About 1 in 4 Salt Lake County food manufacturing businesses have had an outbreak. That’s pretty scary! Beyond that, call centers, and other types of manufacturing round out the top three. It’s very notable that food services and drinking places makes No. 4: 1 in 22 of your favorite restaurants and bars have seen an outbreak.
But of course, some businesses have more employees on average than others — your average food processing plant employs more people than your average nail salon. So of the approximate employees in each sector, what are the odds that they’ll test positive as part of an outbreak?
Still, working in food processing plants is the most dangerous: about 1 in 20 of those employees have caught the virus as part of an outbreak. Working in food service or retail are about equally dangerous, where employees are about 10 times more likely to catch the virus as part of an outbreak than, say, your average professional worker. Many of those people were likely able to work from home.
What is the county doing about this? When an outbreak is discovered in a business, the Salt Lake County Health Department sends a team to check for any situations that would be a concern for future transmission, and work with employers to alter or prevent those.
The health department also employs liaisons who work with each of these sectors to prevent outbreaks, sharing tips and best practices among industry types. They’re also the ones who investigate when consumers send in a tip complaining about a business not following the rules.
We all are at risk of catching this virus, but some of us are in jobs where it is far more likely. This list should help some business owners and employees alike who need to take more precautions.
Salt Lake County mask study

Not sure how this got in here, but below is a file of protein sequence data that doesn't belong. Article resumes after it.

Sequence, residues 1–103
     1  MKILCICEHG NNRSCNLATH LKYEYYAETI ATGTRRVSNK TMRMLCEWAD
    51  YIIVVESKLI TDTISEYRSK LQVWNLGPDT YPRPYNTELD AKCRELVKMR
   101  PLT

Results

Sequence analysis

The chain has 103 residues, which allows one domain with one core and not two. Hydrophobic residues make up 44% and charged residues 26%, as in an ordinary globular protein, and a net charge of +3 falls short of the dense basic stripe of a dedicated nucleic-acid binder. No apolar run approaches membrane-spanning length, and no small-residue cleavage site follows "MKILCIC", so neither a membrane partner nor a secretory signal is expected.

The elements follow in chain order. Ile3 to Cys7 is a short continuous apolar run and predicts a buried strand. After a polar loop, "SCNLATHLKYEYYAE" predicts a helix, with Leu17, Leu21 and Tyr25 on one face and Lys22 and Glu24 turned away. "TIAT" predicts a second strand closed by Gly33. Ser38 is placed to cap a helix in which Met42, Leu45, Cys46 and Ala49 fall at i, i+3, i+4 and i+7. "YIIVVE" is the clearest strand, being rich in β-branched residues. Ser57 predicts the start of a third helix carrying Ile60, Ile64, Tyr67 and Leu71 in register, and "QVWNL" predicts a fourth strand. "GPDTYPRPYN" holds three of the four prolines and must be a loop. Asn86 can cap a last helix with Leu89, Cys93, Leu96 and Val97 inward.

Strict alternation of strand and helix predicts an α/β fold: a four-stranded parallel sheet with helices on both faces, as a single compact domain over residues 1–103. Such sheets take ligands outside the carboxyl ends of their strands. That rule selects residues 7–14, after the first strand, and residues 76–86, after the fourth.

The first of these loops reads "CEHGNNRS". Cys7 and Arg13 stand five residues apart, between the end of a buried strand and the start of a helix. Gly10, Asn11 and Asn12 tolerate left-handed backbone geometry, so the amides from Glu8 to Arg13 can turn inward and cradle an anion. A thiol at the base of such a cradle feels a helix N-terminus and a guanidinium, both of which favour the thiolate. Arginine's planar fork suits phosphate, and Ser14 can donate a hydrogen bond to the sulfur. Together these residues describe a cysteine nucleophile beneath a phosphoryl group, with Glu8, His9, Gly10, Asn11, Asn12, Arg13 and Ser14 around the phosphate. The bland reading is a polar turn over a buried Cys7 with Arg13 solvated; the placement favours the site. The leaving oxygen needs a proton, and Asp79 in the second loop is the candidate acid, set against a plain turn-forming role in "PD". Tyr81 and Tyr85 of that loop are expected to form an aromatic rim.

While they were at it, Salt Lake County also announced the results of a mask study. Researchers went to 55 different businesses that get plenty of foot traffic — convenience stores, grocery stores, home goods stores, hardware stores, and sporting goods stores — to see what percentage of people were wearing masks. On top of that, they noted if people were wearing the masks correctly, as well as their approximate age and gender.
These observations were made from August 14-17, in which 2,874 people were seen at these businesses. Overall, 96.6% of Salt Lake County shoppers were wearing a face mask. However, 8% of them were wearing it incorrectly (Keep the mask over your nose, people).
Which city these shoppers were in didn’t seem to matter much — every area besides Herriman had over 90% mask compliance, and even that southwest region was above 75%.
Of those not wearing a mask, more were men than women: 55% to 45%. A majority of those spotted not wearing masks were in the 12 to 44 age range (59%), though I’m not sure that’s a particularly notable result, given that a majority of people in Salt Lake County are in that age range. One-third of those not wearing masks were 45-64, and 8% were over 65.
Finally, shoppers were quite good about wearing masks in all types of stores except for convenience stores. Perhaps the in-and-out nature of such a trip makes people more likely to forget the mask?
I feel for convenience store workers, who probably don’t have the support staff to ensure patrons are masked up. They’re in some dangerous circumstances as they interact with the unmasked masses.
We’ll keep an eye on this data moving forward to see how coronavirus outbreak and masking data changes in Salt Lake County over time. In particular, I’m very curious to see how the approaching fall and winter seasons might impact the safety of employees and the behavior of shoppers.
Andy Larsen is a Tribune sports reporter who covers the Utah Jazz. During this crisis, he has been assigned to dig into the numbers surrounding the coronavirus. You can reach Andy at email@example.com or on Twitter at @andyblarsen.